After Jackson had died, I called her and told her the unfortunate news.
However, I heard trough the Haitian grapevine that she was not sure that
Jackson was really dead. As we talked the other day about things, her
eyes welled up with tears because she had never seen me in five years
without Jackson close by. Jackson was not appearing from around the
corner and never would.

Nadia started to cry slowly with one huge tear that trickled slowly down
her right cheek. That turned into massive body shaking sobs that went on
for 30 minutes as she lowered her head to her knees.

I told her how sorry we were for Jackson's death. Kleenex after Kleenex
only helped a little. My weak attempts to tell her that Jackson was in a
better place and wasn't suffering anymore did not help much. Nadia
stated that she understood, but Jackson was her "only big brother". She
had lost two other brothers and her father was murdered.

Nadia asked to see the album of pictures that we brought with us of
Jackson's funeral in Illinois. As she paged through the little album,
she sobbed more and shook her head no. I think for the first time she
realized that Jackson was gone and this was all real and it was really
bad. Jackson was indeed buried on the hillside of a little cemetery
overlooking a dreary looking brown cornfield in the Midwest.

Nadia asked why Jackson's face was swollen in the casket and his lips
turned down. I told her that before he died his face was swollen and
that is how he ended up after the morticians work. She stared at the
face of her brother that used to make her laugh by dancing and singing
with the radio on and acting like he was playing the guitar. She told
jokes with him outside their shack in the morning on the mountain
overlooking Port-au- Prince. How could Jackson look so sad in death?
This was all too much.

She also saw photos of all the white Americans that had come to his
funeral and sang for him in the cemetery on that cold and rainy January
day. Nadia saw the faces of his host families at the wake and cemetery.
She saw the statue of St. Martin de Porres at the church where the
funeral Mass was held in Peoria. There was an amazing likeness of the
statue's face and Jackson's live happy face.

After an hour of this misery, Nadia was able to calm down, and we
devised a plan to get a Jackson's heavy suitcase, laden with gifts for
him while he was alive, to his home two hours up the mountain.

Yesterday, on Saturday morning, Nadia returned with a driver to
transport Jackson's belongings and my wife Maria and I to his home to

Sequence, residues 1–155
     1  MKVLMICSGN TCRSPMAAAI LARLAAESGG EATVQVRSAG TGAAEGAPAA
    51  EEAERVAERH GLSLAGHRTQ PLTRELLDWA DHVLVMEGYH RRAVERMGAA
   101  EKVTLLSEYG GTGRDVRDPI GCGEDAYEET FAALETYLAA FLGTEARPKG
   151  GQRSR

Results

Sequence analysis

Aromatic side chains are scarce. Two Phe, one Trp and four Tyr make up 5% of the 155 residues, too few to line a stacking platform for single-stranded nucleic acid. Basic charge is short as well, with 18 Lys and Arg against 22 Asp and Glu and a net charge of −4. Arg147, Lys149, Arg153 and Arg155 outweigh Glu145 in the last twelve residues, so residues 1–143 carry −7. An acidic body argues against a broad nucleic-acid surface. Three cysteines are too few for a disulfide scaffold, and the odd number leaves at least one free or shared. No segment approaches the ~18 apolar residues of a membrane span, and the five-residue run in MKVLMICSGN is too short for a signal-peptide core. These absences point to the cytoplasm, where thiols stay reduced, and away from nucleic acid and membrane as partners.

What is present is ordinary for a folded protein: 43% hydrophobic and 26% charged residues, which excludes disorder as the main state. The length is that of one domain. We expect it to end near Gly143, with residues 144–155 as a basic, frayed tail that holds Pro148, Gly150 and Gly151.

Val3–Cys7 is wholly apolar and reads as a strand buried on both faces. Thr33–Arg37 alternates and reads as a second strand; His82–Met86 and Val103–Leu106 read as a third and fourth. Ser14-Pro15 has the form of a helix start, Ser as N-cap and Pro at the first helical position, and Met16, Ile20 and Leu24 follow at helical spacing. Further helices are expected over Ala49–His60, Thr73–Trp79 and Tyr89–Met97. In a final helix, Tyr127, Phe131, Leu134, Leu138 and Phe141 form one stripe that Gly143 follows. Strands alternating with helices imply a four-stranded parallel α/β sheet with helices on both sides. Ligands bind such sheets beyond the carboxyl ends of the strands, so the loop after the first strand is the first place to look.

see his mother for the first time since his death. Jackson's 15 year old
brother Gabriel Moise came along. We threw Jackson's suitcase in the
back of the pickup, and after the driver took a rock he had wedged
between his battery and hood and banged on something in the motor, the
ignition kicked in and we were off through the insanely busy streets of

Coursing up the mountain was a painful experience. The roads were jam
packed with people and are full of holes and curves, stalled Mack
trucks, and people backing their vehicles down their lane directly at

When we arrived in Jackson's village called La Boul, we were only able
to go so far until the road turned to dirt and holes and the driver
pulled over. We all got out at that point and lugged Jackson's suitcase
down slippery and steep dirt trails. These were the same hills and roads
that Nadia and her mom had carried Jackson on a chair to see us on
December 1,
2005 when he was too weak to walk. It did not seem humanly possible that
Jackson survived that trip.

I had been to Jackson's home five years ago and the surroundings all
started looking familiar. As we approached Jackson's home, approximately
25 of his neighbors were on a front porch of the home next to Jackson's
singing and praying very loudly over problems they were having.

Jackson's mom Rosette, older sister Claudette, and eight year old
brother were there to greet us on a small patch of dirt that serves as
their front yard. Rosette was not smiling but she gently hugged us. I
could hear her wheezing from her asthma. She is 44 years old but appears
quite a bit older.